Pseudomonas aeruginosa is a versatile bacterial pathogen that causes life-threatening acute and chronic infections in diverse patient populations. Complicating treatment is the ability of P. aeruginosa to resist the majority of antimicrobial therapies. It is therefore critical to identify virulence properties that can be targeted for the development of novel therapeutics. Several studies demonstrate the importance of iron homeostasis for P. aeruginosa pathogenesis. Recent work from our lab shows that the P. aeruginosa prrF chromosomal locus, which encodes the iron-responsive PrrF1 and PrrF2 small regulatory RNAs (sRNAs), is required for acute lung infection in mice. The PrrF1 and PrrF2 sRNAs contribute to iron homeostasis by repressing the expression of iron-utilizing pathways when this nutrient is limiting. This ?iron sparing response? further impacts diverse virulence properties, including quorum sensing and biofilm formation. The prrF locus produces a distinct sRNA (PrrH) that is regulated by heme, an abundant source of iron in the human body, thus linking iron and heme homeostasis pathways of P. aeruginosa. While our studies have established the broad impact of this locus on P. aeruginosa physiology and virulence, the mechanisms by which the individual sRNAs transcribed from this locus mediate gene expression and pathogenesis remain unknown. Based on our preliminary and published studies, we hypothesize that the PrrF and PrrH sRNAs play critical yet distinct roles in regulating P. aeruginosa iron homeostasis and virulence. We will test our hypothesis by 1) identifying PrrF target mRNAs responsible for virulence attenuation of the ?prrF1,2 mutant; 2) determining the genetic basis of heme regulated expression via the PrrH sRNA; and 3) defining the mechanisms by which PrrF and PrrH regulate gene expression. These studies will define the specific mechanisms by which the prrF-transcribed sRNAs mediate iron homeostasis and virulence of P. aeruginosa.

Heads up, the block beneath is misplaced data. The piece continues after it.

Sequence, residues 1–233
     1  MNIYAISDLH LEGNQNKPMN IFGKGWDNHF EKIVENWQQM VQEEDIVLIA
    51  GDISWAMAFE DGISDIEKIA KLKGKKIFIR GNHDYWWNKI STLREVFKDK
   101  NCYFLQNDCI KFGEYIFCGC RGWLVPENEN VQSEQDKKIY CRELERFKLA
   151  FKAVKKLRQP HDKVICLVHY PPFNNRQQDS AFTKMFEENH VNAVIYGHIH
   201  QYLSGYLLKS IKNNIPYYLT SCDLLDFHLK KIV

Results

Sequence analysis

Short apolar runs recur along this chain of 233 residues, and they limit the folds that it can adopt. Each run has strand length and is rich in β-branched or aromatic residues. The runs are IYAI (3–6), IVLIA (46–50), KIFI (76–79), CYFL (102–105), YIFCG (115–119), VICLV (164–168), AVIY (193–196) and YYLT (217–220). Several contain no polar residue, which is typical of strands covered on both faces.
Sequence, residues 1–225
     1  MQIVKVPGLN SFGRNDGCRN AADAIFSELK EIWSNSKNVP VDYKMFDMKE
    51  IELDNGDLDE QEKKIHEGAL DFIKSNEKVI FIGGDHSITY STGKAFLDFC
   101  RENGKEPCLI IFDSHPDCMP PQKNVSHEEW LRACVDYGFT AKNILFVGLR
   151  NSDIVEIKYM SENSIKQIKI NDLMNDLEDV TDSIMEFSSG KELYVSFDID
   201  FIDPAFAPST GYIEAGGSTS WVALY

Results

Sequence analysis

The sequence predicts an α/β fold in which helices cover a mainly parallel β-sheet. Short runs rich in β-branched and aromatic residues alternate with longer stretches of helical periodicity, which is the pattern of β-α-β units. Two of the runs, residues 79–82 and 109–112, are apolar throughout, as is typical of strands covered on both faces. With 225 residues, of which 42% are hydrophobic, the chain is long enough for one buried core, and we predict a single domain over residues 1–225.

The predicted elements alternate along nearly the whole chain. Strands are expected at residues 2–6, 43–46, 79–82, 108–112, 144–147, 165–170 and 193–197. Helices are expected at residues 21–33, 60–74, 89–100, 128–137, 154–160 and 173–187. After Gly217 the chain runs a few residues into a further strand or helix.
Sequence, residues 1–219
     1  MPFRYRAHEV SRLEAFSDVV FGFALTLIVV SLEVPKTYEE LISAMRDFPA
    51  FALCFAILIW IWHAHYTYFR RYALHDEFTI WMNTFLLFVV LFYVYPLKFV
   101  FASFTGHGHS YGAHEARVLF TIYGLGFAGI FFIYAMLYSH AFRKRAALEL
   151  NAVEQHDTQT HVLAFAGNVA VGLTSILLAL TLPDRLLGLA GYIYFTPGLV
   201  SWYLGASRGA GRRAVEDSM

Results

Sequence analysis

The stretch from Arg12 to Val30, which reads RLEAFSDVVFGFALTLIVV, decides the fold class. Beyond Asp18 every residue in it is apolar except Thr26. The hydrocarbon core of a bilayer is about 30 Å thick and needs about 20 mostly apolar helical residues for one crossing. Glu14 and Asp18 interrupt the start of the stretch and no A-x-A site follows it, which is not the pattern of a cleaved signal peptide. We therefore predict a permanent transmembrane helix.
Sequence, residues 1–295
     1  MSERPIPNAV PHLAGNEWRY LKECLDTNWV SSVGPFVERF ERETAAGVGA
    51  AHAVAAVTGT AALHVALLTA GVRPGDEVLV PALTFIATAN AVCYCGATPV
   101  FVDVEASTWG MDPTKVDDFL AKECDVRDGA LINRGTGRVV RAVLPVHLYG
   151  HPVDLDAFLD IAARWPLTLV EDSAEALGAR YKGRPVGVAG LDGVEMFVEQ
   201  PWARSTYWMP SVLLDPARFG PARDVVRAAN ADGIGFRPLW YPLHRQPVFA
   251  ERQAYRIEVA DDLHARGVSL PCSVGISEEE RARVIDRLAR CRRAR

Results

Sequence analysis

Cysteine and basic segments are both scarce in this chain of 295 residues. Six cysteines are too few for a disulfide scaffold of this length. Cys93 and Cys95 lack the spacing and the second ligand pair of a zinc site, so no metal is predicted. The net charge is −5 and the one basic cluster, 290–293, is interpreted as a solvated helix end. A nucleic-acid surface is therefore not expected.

Public Health Relevance

Pseudomonas aeruginosa is a bacterial pathogen that causes life-threatening infections in patients with a variety of underlying conditions, including cancer and cystic fibrosis. P. aeruginosa is resistant to most current antibiotics, making the identification of new antimicrobial targets a public health priority. Our lab previously showed that three iron-regulated small RNA molecules are required for P. aeruginosa to cause infection. The proposed work will define the mechanism by which these RNA molecules allow for infection, with the long term goal of targeting these RNA molecules to treat P. aeruginosa infections.

Agency
National Institute of Health (NIH)
Institute
National Institute of Allergy and Infectious Diseases (NIAID)
Type
Research Project (R01)
Project #
5R01AI123320-02
Application #
9357496
Study Section
Bacterial Pathogenesis Study Section (BACP)
Program Officer
Lu, Kristina
Project Start
2016-09-23
Project End
2021-08-31
Budget Start
2017-09-01
Budget End
2018-08-31
Support Year
2
Fiscal Year
2017
Total Cost
Indirect Cost
Name
University of Maryland Baltimore
Department
Pharmacology
Type
Schools of Pharmacy
DUNS #
188435911
City
Baltimore
State
MD
Country
United States
Zip Code
21201
Reinhart, Alexandria A; Nguyen, Angela T; Brewer, Luke K et al. (2017) The Pseudomonas aeruginosa PrrF Small RNAs Regulate Iron Homeostasis during Acute Murine Lung Infection. Infect Immun 85:
Reinhart, Alexandria A; Oglesby-Sherrouse, Amanda G (2016) Regulation of Pseudomonas aeruginosa Virulence by Distinct Iron Sources. Genes (Basel) 7: